ent sea until finally the Roxby hoy?
in sight. Ills rescue was a daring
one. The Mexicano sailed from Tam
pico Monday. She was last reported as
being bound from Marcus Hook to
Mexico, Aug. 1?. Her captain was lt.
S. King. Bailo Reyarberay ls unable
to give accurante names of the 21
Thc Mexicano, Capt. King, sailed
from Marcus Book, Aug. 14, for Vera
Cruz. The Mexicano was built at
Sunderland in 181)3. She was 270
reet long, 28 ?cet beam, 22 1-2 feet
deep and registered 1,254 lons net.
She was owned by the Northern
Transport company, limited of New
Wrecks on The Florida Coast.
Thc auxiliary schooner Klondyke,
C. A. Ball, master, laden with valu
able fittings from the British steamer
Inchulva, brings the first authentic
reports from the several wrecks north
of Miami, Fla,. About a mlle north
of Boynton the Standard Oil Com
pany's barge No 93, oil laden, is hard
aground un the beach. The tug hav
ing lier in tow lias gone north for an
other oil barge into willoh to pump
the cargo. As this vessel lies on a
sandy bottom and is practically unin
jured! she may be saved. About five
miles south and nearly opposite Del
ray, the British steamship Inchulva is
a total wreck. The Inchulva had a
mixed cargo of about 5,000 tons. She
was from Galveston to Llvespool.
Nine of the crew of tilla steamer were
drowned. When thc vessel com
menced to break up the chief engineer
went to his cabin to save $100 and
was not seen again. Three others
were washed overboard. The other
live were drown in an attempt to
reach the shore, .lust north of Jupit
er is thc lumber laden three-masted
schooner Harriett I. Thomas, from
Pensacola. Her cargo ls being landed,
but the vessel will prove a total loss.
The American schooner Martha T.
Thomas, lumber laden, bound from
Apalachicola to Baltimore, reported
ashore nine miles north of Jupiter.
Thia may be thc llarriatt I. Thomas
above referred to, the error growing
out of a similarity of names. These
are the only wrecks of consequence re
ported on the eust coast of Florida.
COTTON 18 DETERIORATING.
Has S?fferod Considerably.on Ac
count ot tho Iinck of Rain.
Thecotton crop bas suffered during
tho dry weather-oi tbe past fortnight.
Mr. J. W. Bauer, seotlon director of
the weather bureau service, says:
"Tho extreme..western border coun
tlo and lae coast counties had light
but quite general rains that were
highly beneficial; the enterior of tho
State had nono, expect that widely
sop ated places had light but in
sufficient sbowerR. The average of
tho State was 0.1L of an inch. All
crops are suffering for rain.
"With only one or two exceptions
to the contrary, reports on cotton In
dicate further deterioration during
the week due to shedding, premature
opening, and the rapid spread of rust,
owing to lack of moisture. Much cot
ton is dead on sandy lands. There is
little prospect of a top crop. Boll
worms and caterpillars are reported
from Barnwell county. *
"Cotton is opening rapidly, some
prematurely, over the whole State,
and picking ls general, and under thc
favorable weather for the work made
rapid progress. Sea Island cotton is
less promising owning to shedding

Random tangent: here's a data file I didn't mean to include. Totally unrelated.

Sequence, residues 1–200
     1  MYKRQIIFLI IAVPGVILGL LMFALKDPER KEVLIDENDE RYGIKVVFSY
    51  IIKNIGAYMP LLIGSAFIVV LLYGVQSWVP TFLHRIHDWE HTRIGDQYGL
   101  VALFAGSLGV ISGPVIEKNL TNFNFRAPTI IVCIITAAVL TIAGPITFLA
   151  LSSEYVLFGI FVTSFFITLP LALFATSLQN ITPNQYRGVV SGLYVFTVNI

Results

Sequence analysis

ami.Hie appearance of blight.
Tlie weather was favorable for rice
harvesting, progressed rapidly, but
yields are somewhat disappointing.
Large quantities of fodder, pea vine
hay and other forage were saved in
tine condition, All minor crops have
failed Tor want of rain, hut the dry
weather will add to thc keeping quail
ties of sweet potatoes. Fall truck
planting continues. Little plowing
has been done, os thc ground is too
dry and hard. Turnip sowing is not
''Late corn failed rapidly on all but
moist lK)ttora lauds, owing to drought,
and will be a failure on light soils.
"The week ending 8 a. m., Monday,
September 14, had a mean temperture
of 77 degrees, which is about 1 degree
above normal. The temperature con
ditions were favorable, although cool
nights were complained of in some
localities. The sunshine was normal,
or above, and the relative humidity
low during the daytime and moderate
ly high at nights. The winds were
5 DISAPPOINTED IN LOVE.
A Soldier Puts a Bullet in His Brains
Edward Henley, who was stationed
with the.Sixteenth United States In
fantry at Fort McPherson as a serge
ant in company h\ committed suicide
Wednesday by sending a ball from a
Krag-Jorgensen rifle crashing into his
The deed wan committed in a bed
occupied by Henley. After retiring
Henley reached out and pulled under
the cover of the bed his big rifle. This
bc loaded and p dnting Its muzzle di
rectly at his face took a long stick
with which he pressed the trigger.
From the extent of the wound and
thc position in which the dead man
was found it is thought that death
must have been instantaneous.
It later developed that thc pangs of
unreciprocated love were largely re
sponsible for his action. A short time
ago during his furlough Henley spent
much of his time in Main, where he
?became infatuated with a young lady
to whom it was generally thought hs
would be married.
??OS Saturday night last ho. received
? letter from' Maine and presumably
from the young lady. About this let-"
ter he said nothing, not even to his
closest friends, lie continued his
routine duties as if nothing out of the
way had occurred.
The lirst intimation of any trouble
was given early Wednesday when his
companions were awakened by the